“Since I know you're afraid of whoever they are, I'm going to make this really simple for you.” Sabine explained, her tone icy. “You're going to tell me everything about that girl who just left. The one practically begging you in your office for help. And, if you don't tell me everything or I think you're holding something back...” She warned, pulling out a blaster where the old man could see. “That smile you love so much might be the last thing you see. Are we clear?” Odus could only simply nod, his cheek grinding against the surface of the counter. “Okay then.” She said, releasing her iron grip on the quartermaster who rose slowly, taking only a slight step back, hands out in front of him. To Sabine's right, both Ezra and Zeb stood wide eyed and nearly slack jawed.
“So,” Sabine continued, charm back in her voice. “Start talking.”
. . .
It was almost late afternoon by the time the trio made it back to Zaluna's homestead, the return trip having been spent mostly in shocked silence. Ezra, usually happy to engage Sabine in conversation, had kept a tentative step or two away, giving the Mandalorian girl ample space as she seethed quietly. For his own part Zeb has seemed about to say something, at several different points along the road, and yet had always found his words stopping just shy of his lips. When Zaluna opened the door for them, it was unsurprisingly she who voiced the first words of concern.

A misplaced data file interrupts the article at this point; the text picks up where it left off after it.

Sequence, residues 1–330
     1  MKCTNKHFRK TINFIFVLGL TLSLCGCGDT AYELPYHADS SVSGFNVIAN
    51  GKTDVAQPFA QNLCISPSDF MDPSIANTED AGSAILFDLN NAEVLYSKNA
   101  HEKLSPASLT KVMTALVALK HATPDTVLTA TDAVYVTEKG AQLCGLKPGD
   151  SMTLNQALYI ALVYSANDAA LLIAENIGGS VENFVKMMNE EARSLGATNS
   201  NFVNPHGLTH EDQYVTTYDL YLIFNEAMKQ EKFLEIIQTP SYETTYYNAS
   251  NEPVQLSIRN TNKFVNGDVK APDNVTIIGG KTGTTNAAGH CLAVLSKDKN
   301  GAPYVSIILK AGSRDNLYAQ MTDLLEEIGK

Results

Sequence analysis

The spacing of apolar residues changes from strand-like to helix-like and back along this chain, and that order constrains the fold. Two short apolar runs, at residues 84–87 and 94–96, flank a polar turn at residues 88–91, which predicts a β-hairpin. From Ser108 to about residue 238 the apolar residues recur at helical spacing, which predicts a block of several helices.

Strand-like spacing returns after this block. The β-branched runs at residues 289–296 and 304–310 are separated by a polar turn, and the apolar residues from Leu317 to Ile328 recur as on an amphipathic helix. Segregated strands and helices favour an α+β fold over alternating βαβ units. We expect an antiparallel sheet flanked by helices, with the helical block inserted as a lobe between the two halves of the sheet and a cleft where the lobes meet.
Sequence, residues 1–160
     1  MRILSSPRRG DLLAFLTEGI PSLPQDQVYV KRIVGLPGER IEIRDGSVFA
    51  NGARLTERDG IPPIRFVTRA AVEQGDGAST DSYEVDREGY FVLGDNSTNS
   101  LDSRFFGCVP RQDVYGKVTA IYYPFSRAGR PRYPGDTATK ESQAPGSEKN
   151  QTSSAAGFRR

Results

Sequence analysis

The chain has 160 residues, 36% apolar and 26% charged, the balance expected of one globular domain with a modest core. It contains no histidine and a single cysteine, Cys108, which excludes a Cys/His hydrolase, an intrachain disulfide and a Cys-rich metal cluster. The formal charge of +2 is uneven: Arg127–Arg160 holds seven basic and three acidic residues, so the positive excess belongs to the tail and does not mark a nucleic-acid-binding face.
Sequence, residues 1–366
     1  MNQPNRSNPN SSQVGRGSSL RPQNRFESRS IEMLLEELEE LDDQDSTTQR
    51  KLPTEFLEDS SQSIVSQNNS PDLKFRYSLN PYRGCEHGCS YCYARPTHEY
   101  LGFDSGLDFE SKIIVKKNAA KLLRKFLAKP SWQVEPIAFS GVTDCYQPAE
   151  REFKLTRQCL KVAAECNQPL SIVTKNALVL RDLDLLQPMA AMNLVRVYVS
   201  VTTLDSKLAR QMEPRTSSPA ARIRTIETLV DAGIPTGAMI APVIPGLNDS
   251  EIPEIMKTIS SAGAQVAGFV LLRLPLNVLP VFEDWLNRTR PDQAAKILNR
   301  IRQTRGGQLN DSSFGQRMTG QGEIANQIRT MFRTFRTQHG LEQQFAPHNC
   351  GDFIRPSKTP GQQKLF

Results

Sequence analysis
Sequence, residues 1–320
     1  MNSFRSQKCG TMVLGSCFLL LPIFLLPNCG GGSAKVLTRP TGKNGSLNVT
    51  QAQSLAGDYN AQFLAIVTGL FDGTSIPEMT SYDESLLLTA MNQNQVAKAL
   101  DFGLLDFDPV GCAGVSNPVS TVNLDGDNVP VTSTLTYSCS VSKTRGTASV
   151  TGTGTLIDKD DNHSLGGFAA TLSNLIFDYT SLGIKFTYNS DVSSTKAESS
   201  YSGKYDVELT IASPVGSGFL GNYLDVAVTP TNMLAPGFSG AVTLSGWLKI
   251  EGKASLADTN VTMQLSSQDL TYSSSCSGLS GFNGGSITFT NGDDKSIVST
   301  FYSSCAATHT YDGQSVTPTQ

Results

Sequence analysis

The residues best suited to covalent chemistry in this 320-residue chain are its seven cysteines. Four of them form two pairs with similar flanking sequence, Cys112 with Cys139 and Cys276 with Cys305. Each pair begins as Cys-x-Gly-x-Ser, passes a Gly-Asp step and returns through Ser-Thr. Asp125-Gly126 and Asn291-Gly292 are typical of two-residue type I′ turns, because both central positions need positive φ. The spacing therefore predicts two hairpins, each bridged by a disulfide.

“What Gundark ate your pet, girl?” She asked Sabine who moved past her without so much as a greeting, her face set in a grim mask. “Young lady!”
That, finally, brought Sabine to a halt. “I'm sorry, luna.” She offered with genuine apology. “I'm just... I need to talk to Hera.” Was all she could muster, walking quickly into the common room from the short hallway. The Sullustan woman turned to look at Ezra and Zeb. “What in the world happened?”
“We, uh...” Ezra tried. “We kinda didn't get the supplies.”
“What? Why not?” Zaluna asked pointedly.
“Because something tells me we might have trouble shopping in town for awhile.” Zeb huffed, warily following Sabine's path down the short hallway.